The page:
The bus dropped us off just a few blocks from Pike Place Market and the Piers. We headed straight for the water, anxious to taste fresh oysters and seafood.
Right next to The Great Wheel (a ferris wheel we had no desire to ride) was The Crab Pot. Diners at this busy restaurant were enjoying buckets of steamed shrimp, crabs, clams and mussels. We opted out of the seafood feasts and ordered a dozen oysters on the half-shell, Nick ordered crablegs and I ordered my go-to crab-cakes. We were both a little disappointed in the oysters and our meals. It was such a let-down, because we’d so looked forward to eating oysters in Seattle.
As we left The Crab Pot, Nick spotted Elliott’s Oyster house. Literally right next store to where we JUST at a huge lunch. He grabbed my hand and excitedly led me in, where we ordered another two dozen oysters and two glasses of a New Zealand Sauvignon Blanc.
Elliott’s is a true oyster house with a variety of oysters to choose from. We sat at the bar and watched the two shuckers prepare oysters non-stop.
If you’ve never tried to shuck an oyster, let me tell you that it isn’t easy. There’s a lot of technique involved in opening the shell cleanly, without getting pieces of it mixed up with the oyster. These shuckers were profossionals.
What a zoo. Every tourist in town was crowded into the market and spilling out onto the streets around it. The famous fish market was surrounded by people just watching the fish guys do their show. No one was actually buying anything, they were just there for the show. We got out of there as quickly as we could.
Feeling guilty about leaving Bella in the (air-conditioned) RV all day, I googled “pet store” and we headed that way. After picking up 5 substantial pigs ears, we followed the signs to The Space Needle.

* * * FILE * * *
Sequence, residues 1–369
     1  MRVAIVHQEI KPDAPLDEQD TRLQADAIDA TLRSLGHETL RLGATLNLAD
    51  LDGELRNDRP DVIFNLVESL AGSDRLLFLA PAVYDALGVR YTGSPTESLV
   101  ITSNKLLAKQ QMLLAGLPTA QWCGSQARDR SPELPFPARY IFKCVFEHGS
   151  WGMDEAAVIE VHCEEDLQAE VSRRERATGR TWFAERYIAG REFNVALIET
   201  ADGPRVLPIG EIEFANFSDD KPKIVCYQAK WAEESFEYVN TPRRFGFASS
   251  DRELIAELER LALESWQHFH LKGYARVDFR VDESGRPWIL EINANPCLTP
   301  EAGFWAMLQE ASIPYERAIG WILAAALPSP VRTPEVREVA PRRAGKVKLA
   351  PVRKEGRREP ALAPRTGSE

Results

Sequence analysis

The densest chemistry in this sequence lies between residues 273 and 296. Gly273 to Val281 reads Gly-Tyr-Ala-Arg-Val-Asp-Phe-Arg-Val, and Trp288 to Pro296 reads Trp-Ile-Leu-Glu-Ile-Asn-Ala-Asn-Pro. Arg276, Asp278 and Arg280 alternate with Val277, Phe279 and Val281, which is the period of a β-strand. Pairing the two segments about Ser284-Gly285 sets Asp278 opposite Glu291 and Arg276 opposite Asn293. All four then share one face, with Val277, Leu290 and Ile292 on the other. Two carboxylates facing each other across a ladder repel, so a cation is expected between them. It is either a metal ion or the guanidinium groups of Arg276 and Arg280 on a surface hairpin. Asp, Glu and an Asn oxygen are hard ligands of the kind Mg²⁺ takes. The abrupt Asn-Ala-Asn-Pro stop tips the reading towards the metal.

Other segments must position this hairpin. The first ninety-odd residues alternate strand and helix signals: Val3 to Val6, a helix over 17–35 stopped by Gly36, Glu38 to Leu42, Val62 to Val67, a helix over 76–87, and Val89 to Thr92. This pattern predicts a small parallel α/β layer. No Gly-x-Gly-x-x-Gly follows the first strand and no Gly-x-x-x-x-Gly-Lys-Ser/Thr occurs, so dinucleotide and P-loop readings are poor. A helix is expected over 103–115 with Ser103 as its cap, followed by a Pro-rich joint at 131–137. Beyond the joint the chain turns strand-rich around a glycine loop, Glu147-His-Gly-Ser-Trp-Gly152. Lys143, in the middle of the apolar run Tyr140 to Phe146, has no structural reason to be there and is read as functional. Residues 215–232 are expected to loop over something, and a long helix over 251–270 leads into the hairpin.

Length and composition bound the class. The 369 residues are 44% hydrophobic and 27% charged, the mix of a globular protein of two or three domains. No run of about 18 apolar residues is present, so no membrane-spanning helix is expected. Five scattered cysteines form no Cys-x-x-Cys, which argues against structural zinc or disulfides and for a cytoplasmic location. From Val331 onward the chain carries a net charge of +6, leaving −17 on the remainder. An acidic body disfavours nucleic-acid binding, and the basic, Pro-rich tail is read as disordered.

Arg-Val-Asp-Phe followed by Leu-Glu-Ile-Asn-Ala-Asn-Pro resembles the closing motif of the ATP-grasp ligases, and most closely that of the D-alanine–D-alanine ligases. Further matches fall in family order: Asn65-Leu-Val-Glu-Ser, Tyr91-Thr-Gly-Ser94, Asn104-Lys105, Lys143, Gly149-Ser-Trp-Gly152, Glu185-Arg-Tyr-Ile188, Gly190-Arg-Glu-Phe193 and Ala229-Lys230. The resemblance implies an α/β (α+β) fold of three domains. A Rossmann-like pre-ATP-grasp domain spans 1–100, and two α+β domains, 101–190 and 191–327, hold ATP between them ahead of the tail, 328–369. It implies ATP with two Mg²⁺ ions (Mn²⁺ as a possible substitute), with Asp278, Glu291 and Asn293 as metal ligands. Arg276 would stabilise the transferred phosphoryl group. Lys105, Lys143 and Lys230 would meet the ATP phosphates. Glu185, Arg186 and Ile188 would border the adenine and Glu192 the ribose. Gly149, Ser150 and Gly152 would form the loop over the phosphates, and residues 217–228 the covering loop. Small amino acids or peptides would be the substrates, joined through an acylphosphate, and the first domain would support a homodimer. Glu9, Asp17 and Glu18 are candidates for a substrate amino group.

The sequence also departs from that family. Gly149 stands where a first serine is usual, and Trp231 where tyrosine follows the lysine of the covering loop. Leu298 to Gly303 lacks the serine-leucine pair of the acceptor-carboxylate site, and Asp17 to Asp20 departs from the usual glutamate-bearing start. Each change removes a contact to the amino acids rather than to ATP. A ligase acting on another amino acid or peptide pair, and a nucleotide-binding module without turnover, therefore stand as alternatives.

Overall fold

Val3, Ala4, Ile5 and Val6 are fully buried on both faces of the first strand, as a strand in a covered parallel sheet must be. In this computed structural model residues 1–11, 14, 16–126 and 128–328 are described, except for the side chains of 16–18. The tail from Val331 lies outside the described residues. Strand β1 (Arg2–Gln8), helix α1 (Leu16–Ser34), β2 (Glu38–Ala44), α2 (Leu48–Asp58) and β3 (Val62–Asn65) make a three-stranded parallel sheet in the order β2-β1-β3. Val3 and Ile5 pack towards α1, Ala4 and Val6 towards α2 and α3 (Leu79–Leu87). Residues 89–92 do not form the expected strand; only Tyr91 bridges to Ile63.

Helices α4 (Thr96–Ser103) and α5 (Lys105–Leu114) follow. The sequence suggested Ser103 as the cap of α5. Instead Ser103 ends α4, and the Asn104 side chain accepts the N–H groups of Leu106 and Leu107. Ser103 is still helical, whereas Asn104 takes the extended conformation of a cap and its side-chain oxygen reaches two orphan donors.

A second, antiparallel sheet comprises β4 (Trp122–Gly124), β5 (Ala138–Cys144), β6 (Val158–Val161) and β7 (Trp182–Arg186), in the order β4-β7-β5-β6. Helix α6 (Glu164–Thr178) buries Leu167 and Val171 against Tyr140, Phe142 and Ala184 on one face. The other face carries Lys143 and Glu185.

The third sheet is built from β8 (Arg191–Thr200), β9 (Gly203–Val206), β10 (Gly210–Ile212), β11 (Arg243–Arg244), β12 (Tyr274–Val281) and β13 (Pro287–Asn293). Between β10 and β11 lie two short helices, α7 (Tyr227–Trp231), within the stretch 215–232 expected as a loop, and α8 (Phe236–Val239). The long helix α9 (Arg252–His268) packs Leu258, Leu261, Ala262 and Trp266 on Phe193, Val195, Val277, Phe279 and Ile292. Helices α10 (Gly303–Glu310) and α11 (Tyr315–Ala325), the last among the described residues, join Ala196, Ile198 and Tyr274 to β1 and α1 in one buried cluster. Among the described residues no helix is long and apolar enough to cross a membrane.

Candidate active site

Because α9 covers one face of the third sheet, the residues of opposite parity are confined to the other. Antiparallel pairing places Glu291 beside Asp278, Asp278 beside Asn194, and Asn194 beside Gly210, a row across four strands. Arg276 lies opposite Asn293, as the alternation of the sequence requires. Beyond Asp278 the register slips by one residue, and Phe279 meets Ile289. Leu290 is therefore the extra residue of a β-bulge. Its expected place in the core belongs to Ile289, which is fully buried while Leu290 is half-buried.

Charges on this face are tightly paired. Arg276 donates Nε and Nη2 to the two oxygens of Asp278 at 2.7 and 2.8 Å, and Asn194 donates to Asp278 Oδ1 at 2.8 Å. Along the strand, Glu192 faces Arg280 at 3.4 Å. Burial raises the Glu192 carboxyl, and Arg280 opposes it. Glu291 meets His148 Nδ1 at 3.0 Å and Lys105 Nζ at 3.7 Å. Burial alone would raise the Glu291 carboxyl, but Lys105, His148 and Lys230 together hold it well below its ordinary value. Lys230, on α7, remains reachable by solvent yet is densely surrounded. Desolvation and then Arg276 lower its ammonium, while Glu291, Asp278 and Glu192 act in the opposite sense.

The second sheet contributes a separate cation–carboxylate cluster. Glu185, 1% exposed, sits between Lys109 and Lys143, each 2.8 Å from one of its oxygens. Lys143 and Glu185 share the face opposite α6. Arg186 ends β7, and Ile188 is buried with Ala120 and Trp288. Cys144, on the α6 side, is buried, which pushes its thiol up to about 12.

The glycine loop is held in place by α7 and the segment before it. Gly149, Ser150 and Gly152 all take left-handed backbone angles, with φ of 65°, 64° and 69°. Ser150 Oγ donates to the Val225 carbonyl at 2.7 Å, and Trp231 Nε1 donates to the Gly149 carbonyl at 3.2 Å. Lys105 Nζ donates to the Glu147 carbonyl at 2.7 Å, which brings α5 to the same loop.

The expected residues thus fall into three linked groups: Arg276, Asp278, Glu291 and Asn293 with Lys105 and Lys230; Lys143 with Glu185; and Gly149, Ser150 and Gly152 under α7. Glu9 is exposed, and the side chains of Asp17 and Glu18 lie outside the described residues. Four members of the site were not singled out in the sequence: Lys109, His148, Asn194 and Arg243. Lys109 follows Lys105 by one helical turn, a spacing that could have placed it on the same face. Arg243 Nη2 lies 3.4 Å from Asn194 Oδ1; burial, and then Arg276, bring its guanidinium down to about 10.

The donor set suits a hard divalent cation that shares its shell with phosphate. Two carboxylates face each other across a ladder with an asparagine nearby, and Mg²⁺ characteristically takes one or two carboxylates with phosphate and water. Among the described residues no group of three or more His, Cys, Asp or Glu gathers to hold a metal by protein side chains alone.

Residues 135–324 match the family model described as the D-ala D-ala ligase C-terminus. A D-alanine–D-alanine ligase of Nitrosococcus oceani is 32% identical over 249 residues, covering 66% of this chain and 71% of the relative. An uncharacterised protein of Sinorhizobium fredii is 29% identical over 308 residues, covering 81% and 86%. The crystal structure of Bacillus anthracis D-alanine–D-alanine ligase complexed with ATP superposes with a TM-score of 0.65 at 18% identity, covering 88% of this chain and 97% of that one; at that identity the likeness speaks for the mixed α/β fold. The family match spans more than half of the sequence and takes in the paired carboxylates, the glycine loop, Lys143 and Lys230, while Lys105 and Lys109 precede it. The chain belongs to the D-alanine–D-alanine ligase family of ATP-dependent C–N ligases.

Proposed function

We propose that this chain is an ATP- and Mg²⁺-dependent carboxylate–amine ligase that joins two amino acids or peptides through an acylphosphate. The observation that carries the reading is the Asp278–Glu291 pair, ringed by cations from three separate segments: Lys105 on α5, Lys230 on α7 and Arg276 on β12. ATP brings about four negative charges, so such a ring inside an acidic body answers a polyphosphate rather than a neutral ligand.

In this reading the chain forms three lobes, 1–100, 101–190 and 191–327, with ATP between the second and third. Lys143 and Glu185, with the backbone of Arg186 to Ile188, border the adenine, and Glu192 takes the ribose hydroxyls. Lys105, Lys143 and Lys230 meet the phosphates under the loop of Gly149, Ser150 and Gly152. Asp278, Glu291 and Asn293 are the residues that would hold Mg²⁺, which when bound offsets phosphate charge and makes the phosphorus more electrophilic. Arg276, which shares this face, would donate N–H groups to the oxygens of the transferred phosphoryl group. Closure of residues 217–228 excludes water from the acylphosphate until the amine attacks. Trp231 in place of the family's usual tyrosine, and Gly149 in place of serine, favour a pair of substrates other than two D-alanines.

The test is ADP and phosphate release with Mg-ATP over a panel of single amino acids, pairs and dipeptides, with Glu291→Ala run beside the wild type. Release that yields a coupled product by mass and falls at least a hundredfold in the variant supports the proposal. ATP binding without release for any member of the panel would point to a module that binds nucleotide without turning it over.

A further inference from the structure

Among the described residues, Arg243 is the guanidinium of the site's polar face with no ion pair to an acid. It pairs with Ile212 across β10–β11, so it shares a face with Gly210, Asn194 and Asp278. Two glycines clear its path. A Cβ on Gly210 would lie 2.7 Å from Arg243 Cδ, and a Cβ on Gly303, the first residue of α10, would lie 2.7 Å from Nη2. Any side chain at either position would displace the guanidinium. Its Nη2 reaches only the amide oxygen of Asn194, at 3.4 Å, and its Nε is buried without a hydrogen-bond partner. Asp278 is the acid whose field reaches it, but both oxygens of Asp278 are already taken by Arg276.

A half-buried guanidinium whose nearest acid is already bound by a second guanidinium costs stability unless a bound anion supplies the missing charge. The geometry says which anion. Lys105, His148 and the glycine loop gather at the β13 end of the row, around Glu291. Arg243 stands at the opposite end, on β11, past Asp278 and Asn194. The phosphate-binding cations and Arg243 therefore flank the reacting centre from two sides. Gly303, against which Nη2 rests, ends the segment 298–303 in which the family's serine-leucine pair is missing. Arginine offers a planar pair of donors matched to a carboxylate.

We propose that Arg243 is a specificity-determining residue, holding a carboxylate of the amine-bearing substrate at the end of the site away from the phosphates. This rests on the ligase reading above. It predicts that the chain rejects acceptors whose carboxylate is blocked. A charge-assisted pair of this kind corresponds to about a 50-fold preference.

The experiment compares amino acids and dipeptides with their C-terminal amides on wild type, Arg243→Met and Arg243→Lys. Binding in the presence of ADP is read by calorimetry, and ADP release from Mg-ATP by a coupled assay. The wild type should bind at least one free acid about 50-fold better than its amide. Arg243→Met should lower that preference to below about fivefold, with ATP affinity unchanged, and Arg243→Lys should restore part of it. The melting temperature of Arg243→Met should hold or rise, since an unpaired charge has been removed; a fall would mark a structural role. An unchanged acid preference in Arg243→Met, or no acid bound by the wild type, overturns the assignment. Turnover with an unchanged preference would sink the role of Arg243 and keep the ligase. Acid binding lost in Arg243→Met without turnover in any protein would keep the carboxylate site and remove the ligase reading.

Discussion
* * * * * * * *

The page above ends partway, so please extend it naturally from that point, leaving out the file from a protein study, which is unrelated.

Nick decided to skip the long line to go to the top. I purchased my ticket and got in line. Did I mention it was a long line? Finally, it was my turn to enter the elevator with what felt like 100 other people. We all poured out onto the observation deck when the doors opened at the top. The views were fantastic, but I couldn’t help but wish Nick was there with me. I soaked up the views before getting into a much shorter line for the trip down the elevator.
We took the monorail back to the bus station and made our way back home. Bella was deliriously happy to see us. She quickly forgave us for leaving her all day when offered a crunchy pigs ear.
We had a great time in Seattle and saw everything that was on our list. Our experience with the public transportation was interesting, too. It was one of those times that I’m glad we don’t have a car, because it gave us an opportunity to have a different kind of experience.
Next stop, Oregon!
Lynne, Nick and Bella